NEWS

Gervais council dismisses police chief

Gervais Police chief Mark Chase Photo courtesy of the Woodburn Independent

The Gervais City Council fired Police Chief Mark Chase during a special meeting held on Tuesday, Feb. 20.

The council voted 4-1 in favor of dismissal with City Councilor Baltazar Gonzalez voting against.

Chase had been placed on leave last fall pending an investigation into a complaint or complaints levied against him. The leave caught Gervais residents by surprise, many of whom did not know about it for weeks or even months after the action. There was considerable social-media support expressed in recent months for the chief.

The Gervais council held an executive session prior to the open meeting to discuss the issue.

“We are here today to consider discipline or discharge of Chief Chase, following an investigation of complaints received regarding the chief,” Gervais Mayor Annie Gilland led off the Tuesday afternoon meeting. “Under the city handbook, these complaints required an investigation.”

Gilland said the city went through due process to conduct the investigation, retaining an independent investigator unaffiliated with the city.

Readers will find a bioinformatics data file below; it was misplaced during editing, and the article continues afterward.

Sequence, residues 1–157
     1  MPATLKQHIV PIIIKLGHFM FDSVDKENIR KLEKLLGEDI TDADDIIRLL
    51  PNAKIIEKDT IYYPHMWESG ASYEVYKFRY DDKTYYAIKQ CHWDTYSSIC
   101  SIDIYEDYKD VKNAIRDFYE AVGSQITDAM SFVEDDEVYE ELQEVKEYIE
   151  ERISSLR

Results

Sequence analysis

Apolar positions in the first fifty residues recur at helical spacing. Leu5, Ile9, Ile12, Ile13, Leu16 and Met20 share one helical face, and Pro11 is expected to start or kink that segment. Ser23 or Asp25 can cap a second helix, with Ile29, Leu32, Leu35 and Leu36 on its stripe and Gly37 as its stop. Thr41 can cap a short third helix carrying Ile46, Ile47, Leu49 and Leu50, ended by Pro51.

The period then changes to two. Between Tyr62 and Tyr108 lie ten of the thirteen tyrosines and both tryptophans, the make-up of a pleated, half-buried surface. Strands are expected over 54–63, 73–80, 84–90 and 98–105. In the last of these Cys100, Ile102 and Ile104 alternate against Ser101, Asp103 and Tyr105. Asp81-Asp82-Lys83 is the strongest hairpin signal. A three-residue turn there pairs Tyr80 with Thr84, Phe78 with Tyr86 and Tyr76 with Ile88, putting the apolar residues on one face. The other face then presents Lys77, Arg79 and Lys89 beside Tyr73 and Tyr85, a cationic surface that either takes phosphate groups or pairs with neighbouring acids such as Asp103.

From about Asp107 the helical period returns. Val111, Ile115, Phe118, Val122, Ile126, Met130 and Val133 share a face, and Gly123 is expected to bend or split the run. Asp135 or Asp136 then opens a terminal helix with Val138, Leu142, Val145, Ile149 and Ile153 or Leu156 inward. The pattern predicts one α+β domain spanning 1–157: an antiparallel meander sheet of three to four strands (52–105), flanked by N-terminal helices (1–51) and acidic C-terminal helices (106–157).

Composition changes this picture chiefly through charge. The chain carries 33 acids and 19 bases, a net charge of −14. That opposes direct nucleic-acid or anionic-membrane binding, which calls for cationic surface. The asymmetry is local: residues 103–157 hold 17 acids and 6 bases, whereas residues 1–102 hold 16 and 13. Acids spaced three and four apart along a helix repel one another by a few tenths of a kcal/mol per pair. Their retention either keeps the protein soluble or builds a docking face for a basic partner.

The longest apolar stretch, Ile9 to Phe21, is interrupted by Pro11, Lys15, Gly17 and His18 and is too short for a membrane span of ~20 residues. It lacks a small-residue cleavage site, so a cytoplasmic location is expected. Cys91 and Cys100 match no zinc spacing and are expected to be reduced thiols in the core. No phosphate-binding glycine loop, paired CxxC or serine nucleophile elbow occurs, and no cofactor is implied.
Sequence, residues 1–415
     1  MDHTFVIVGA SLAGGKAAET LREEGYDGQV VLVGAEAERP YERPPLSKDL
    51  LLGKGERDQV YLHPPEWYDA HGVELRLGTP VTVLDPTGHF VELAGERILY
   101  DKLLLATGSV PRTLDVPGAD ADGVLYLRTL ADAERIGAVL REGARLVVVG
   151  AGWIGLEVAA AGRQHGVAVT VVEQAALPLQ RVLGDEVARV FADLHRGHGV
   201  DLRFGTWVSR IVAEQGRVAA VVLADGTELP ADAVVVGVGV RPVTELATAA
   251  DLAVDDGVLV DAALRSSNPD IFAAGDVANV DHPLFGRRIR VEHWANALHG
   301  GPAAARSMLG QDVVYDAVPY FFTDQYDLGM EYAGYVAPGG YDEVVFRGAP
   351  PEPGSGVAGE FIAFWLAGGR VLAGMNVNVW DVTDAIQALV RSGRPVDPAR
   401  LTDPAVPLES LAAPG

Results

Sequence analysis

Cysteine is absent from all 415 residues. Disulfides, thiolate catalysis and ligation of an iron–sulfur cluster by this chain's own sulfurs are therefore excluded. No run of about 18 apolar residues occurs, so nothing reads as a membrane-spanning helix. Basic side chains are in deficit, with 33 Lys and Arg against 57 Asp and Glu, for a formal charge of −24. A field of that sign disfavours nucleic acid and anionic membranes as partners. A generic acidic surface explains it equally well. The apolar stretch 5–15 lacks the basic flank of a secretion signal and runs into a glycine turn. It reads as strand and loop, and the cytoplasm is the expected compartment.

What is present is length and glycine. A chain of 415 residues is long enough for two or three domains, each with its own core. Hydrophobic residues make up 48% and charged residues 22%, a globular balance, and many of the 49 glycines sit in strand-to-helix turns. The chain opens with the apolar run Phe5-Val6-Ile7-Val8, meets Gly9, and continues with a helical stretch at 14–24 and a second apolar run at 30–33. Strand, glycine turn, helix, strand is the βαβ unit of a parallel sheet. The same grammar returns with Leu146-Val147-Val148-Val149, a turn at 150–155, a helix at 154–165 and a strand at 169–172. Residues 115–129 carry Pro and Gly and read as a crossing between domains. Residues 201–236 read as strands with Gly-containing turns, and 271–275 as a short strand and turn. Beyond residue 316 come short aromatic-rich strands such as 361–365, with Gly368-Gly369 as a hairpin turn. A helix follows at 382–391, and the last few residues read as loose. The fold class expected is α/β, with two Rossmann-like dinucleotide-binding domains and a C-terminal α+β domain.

“The investigator reviewed a number of documents and interviewed witnesses, including attempting to interview Chief Chase,” the mayor continued.

Chase reportedly agreed to be interviewed but had a change of heart after the interview began and declined to continue without assurance of immunity, according to Gilland. She said the investigator tried again to conduct an interview, and Chase declined again.

The investigator continued the investigation and shared his findings with the chief. Personnel issues with public officials, such as the findings of this investigation, are not shared with the public unless the subject of the investigation waives that given right to privacy.

“After the executive summary was provided to Chief Chase, he was provided an opportunity to present a defense in executive session or in a public meeting,” Gilland said.

Chase declined the public meeting and met with the city council on Feb. 1 and denied the complaints, ultimately prompting the council to meet and consider discipline or discharge. Chase was allotted 5 minutes during Tuesday’s meeting to present to the council.

Chase said that from the time he was placed on leave, Oct. 11, through Dec. 20, 2023, he had heard nothing from the city of Gervais about the investigation.

“I heard through the grapevine at about that time that John Morgan had been forced to resign,” Chase said, referring to the Gervais pro tem city manager at the time. “You (Gilland) and Councilor (John) Harvey coming into his office and asking for his resignation.”

Chase said he waited for weeks to learn who he was supposed to be dealing with regarding the issue. He said he subsequently reached out to interim City Manager Roger Brown who informed Chase of the investigator who was trying to reach out to the chief.